Paper Details


Effects of lead pollution on germination and seedling growth of turfgrass, Cynodon dactylon

Zuoming Xiong, Jiahuan Yang and Keliang Zhang

Lead (Pb) pollution in soils often triggers a catastrophic impact on crop growth and creates concerns related to food safety while seriously affecting agricultural production. Turfgrass, which produces a large amount of biomass, has been widely grown as a heavy metal sink. The present study evaluates the germination and seedling growth responses of turfgrass, Cynodon dactylon, to different levels of Pb(NO3)2. The results indicated that 50–300 mg/kg of Pb(NO3)2 did not significantly influence germination. The germination percentage and index gradually decreased with an increase of Pb(NO3)2 from 300–1000 mg/kg. The growth of root, shoot, as well as contents of chlorophyll a and b decreased with increasing Pb concentrations. The contents of soluble sugar, proline, MDA, SOD, and POD activity increased with an increase of Pb(NO3)2. When the concentration of Pb was below 500 mg/kg, the activity of CAT would first increase and then decrease. The high tolerance and accumulation of Pb by C. dactylon make it a useful accumulator of Pb. Therefore, this species will be useful in the phytoremediation and revegetation of Pb contaminated soil.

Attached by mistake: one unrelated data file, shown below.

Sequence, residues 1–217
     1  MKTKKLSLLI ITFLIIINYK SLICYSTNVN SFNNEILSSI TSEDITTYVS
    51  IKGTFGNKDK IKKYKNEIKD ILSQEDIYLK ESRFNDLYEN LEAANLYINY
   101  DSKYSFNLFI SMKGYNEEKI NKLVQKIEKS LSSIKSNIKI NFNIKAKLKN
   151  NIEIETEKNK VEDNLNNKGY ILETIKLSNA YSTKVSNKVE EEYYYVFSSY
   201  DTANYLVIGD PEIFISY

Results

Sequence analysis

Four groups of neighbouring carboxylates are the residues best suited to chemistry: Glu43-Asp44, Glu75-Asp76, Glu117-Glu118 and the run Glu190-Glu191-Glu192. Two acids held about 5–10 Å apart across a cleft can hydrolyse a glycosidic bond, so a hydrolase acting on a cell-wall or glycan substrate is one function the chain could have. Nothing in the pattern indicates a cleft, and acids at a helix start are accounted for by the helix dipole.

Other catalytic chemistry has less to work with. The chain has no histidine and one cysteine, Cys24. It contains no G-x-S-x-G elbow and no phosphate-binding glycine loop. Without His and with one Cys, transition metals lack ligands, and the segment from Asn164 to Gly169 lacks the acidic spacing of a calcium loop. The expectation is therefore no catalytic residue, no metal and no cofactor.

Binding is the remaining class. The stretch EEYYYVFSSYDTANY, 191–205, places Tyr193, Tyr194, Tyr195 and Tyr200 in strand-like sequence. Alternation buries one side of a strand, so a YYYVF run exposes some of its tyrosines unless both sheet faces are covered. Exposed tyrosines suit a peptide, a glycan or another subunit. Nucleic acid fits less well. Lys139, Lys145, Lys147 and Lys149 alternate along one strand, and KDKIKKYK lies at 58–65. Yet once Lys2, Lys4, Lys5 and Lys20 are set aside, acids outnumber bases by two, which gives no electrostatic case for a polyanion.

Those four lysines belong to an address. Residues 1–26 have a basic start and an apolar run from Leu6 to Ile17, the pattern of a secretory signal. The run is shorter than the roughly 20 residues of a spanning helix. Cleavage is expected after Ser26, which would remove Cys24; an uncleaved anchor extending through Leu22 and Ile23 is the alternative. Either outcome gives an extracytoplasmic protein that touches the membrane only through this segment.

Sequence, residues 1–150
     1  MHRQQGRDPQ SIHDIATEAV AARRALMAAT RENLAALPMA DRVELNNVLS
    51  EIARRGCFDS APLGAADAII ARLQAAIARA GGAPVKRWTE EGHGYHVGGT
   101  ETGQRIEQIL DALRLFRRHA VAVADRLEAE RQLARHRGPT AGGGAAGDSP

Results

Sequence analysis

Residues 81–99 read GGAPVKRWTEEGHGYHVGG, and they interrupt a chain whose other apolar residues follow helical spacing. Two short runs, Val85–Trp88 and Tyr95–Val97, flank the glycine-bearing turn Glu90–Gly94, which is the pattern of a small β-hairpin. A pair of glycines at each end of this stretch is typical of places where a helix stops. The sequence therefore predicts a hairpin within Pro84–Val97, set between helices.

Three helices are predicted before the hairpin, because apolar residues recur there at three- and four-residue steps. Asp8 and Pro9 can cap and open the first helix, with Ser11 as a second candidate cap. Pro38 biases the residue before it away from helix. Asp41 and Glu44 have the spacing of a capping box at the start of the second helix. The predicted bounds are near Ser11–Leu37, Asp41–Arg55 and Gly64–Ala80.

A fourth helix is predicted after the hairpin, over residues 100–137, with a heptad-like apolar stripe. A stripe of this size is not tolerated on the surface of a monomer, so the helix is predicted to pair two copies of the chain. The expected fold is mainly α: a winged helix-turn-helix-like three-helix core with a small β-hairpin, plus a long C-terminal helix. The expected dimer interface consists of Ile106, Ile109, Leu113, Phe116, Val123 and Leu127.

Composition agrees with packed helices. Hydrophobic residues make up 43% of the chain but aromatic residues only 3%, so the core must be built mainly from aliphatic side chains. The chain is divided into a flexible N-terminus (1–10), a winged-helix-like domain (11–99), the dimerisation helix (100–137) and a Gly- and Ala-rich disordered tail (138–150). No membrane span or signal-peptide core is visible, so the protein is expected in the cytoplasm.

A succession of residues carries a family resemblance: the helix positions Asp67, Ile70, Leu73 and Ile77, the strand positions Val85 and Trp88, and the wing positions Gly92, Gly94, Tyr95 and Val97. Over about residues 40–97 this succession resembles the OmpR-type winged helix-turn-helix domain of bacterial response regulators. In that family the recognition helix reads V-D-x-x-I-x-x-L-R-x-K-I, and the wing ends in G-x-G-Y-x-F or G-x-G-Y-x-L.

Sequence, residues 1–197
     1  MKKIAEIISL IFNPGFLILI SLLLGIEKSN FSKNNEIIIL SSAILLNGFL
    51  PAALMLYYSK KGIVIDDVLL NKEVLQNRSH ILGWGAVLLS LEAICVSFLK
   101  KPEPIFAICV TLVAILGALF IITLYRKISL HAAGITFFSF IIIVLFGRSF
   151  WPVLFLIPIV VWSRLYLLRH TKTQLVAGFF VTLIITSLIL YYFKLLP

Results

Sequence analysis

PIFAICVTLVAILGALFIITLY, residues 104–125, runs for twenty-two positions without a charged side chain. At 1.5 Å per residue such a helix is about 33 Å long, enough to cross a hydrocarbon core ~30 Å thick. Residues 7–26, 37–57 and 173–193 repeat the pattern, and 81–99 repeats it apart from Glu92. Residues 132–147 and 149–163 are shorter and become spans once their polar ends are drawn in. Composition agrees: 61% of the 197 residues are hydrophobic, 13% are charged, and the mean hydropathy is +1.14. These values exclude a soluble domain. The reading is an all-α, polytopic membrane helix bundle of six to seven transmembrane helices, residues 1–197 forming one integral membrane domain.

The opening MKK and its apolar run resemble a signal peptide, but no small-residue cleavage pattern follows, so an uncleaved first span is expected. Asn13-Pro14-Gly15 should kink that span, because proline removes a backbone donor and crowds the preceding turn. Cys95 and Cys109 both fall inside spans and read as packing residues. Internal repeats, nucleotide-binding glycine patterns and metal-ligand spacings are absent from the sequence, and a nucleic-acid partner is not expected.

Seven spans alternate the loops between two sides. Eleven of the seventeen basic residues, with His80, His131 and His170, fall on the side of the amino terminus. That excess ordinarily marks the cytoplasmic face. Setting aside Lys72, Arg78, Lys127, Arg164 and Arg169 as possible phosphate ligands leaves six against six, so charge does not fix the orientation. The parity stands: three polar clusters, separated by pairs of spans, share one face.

To Cite this article: Xiong, Z., J. Yang and K. Zhang. 2021. Effects of lead pollution on germination and seedling growth of turfgrass, Cynodon dactylon. Pak. J. Bot., 53(6): DOI:

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